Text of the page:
From 1 August, when the first ship set sail, until the end of the year (December 27, 2022), approximately 15.5 million tons of products have been shipped from Ukrainian ports. Among the shipped products, corn has the largest share with 44%, followed by wheat (29%) and sunflower (6%) (see Graph 5).9

Graph 5. Products Shipped from the Grain Corridor

In the distribution of products shipped from the Grain Corridor to the countries reached by the ports, high-income countries have taken the largest share. Of the total shipments, 44% were made to ports in high-income countries such as Spain, the Netherlands, Italy, South Korea, Romania, Germany, France, Greece, Ireland, and Israel. The second-largest share, 35%, was taken by upper-middle-class-income countries such as Türkiye, China, and Bulgaria. Türkiye has the largest share within this group, with over 3 million tons of shipments, accounting for more than 50%. The share of the lowest-income countries was only 3%. Countries in the lower-middle-income group accounted for 18% of the share (see Graph 6). 

Graph 6. The Distribution of Products Shipped from the Grain Corridor to Countries by Income Groups

Out of the products with a shipment of 15.5 million tons in 2022, only 530 thousand tons reached the ports of the lowest-income countries, including Afghanistan, Ethiopia, Somalia, Sudan, and Yemen. Wheat constituted the entirety of the products shipped to these countries (see Graph 7).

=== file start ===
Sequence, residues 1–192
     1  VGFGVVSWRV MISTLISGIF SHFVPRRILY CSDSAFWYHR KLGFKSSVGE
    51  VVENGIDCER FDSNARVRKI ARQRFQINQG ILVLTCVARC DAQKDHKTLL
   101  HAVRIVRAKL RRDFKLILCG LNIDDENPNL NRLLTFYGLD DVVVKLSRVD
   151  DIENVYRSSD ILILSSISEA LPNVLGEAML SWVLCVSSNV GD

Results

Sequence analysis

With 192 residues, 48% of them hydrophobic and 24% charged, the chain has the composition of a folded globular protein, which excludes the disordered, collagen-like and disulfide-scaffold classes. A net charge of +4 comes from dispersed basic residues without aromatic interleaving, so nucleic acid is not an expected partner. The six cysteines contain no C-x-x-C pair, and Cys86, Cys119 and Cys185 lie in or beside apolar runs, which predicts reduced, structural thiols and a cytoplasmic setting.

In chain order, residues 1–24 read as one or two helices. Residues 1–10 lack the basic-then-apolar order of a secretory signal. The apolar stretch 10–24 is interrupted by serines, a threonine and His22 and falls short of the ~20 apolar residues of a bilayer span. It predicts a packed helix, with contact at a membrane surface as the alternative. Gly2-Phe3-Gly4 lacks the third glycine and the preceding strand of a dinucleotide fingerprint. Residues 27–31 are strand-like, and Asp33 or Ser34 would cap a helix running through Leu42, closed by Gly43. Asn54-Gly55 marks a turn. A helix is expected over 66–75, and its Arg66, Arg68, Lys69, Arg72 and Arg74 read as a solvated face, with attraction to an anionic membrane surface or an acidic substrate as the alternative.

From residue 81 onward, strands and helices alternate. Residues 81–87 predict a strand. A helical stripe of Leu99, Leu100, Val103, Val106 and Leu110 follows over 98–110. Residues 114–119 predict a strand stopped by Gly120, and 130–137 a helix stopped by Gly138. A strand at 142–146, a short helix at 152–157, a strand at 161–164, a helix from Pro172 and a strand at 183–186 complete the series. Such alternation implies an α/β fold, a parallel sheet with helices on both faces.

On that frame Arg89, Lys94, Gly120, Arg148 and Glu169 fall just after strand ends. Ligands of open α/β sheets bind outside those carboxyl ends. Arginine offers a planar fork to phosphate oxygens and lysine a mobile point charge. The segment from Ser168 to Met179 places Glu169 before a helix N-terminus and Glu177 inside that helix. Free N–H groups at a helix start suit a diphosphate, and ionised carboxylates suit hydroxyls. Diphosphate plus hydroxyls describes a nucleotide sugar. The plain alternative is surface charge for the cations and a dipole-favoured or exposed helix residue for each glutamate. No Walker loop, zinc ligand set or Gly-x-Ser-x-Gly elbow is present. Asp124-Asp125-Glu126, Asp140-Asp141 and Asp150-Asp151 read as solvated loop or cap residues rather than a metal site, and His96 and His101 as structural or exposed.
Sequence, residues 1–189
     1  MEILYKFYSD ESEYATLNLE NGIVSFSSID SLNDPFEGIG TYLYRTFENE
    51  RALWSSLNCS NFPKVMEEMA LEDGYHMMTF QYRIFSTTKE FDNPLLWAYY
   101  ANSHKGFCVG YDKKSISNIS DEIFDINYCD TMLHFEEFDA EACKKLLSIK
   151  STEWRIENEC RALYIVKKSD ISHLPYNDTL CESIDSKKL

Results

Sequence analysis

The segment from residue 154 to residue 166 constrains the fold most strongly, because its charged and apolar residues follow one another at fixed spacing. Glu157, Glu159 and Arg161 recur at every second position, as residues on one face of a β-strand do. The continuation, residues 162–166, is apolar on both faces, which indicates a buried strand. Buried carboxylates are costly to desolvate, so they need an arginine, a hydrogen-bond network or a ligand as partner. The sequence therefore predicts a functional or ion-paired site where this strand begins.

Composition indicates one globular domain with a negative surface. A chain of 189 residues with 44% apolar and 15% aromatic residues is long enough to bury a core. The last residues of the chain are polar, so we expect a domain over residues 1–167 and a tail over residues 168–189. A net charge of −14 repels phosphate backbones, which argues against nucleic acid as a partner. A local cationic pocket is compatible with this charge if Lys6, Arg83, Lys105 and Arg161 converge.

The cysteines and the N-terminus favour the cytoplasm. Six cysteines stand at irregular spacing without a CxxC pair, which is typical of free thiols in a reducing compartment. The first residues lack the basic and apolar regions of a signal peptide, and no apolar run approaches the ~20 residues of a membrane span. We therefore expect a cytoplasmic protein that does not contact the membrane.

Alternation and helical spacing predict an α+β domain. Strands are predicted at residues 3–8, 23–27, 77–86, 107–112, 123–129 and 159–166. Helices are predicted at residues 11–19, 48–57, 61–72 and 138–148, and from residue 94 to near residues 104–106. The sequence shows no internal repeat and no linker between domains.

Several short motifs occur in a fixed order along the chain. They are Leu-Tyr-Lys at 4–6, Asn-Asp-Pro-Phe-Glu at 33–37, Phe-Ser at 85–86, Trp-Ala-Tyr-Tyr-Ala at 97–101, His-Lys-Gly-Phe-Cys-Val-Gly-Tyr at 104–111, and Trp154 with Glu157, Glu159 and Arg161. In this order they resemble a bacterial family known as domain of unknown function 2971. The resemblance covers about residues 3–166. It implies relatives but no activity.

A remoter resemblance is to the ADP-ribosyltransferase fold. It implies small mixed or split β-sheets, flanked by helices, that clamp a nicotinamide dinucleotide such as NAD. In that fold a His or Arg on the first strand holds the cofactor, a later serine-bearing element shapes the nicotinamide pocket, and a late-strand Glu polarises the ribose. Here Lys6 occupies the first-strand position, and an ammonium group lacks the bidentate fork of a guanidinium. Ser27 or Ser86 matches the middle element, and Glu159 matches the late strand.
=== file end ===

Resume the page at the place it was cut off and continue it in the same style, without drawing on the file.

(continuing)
Graph 7. Shares of Countries in the Lowest Income Group in the Grain Corridor 

The countries in the middle-income group have purchased 3.2 million tons of products. Among these countries, Egypt, Dijbouti, and Bangladesh are the countries that received the highest amount of products.

Although middle and low-income countries account for 21% of the total share, it is reported that some of the products shipped to high and upper-middle-income countries are within the framework of the WFP. Four ships leased by the UN are carrying wheat purchased to support humanitarian aid in African countries, Yemen, and Afghanistan under WFP. Some of these products are also shipped to Turkish ports. The first ship leased by the WFP docked in Djibouti on August 30 to support drought relief efforts in Africa, and a second UN ship loaded with 37,500 tons of wheat arrived in Türkiye to be processed into flour. This flour will later be sent to Yemen as part of the WFP’s humanitarian aid support. The third and fourth ships leased by the WFP are also supplying wheat for humanitarian aid operations.10

On the other hand, Ukraine’s wheat exports during the January-August 2022 period amounted to 4.1 million tons. This value is half of the exports made in the same months of the previous year (87 million tons). It is estimated that due to the war in Ukraine, the area of wheat cultivation will decrease by 29% in 2023, by 35% in barley, by 14% in corn, and by 35% in sunflower. This contraction is expected to reduce Ukraine’s production by 38% in wheat, 35% in barley, 8% in corn, and 43% in sunflower.11 Keeping the Grain Corridor open will serve the continuation of both the exports of the 2022 products and the exports the products to be harvested in 2023. 


The COVID-19 pandemic, climate change, regional conflicts (such as the Syrian crisis), migrations, and most recently, the ongoing Russia-Ukraine War since February 2022 have caused changes in global food markets.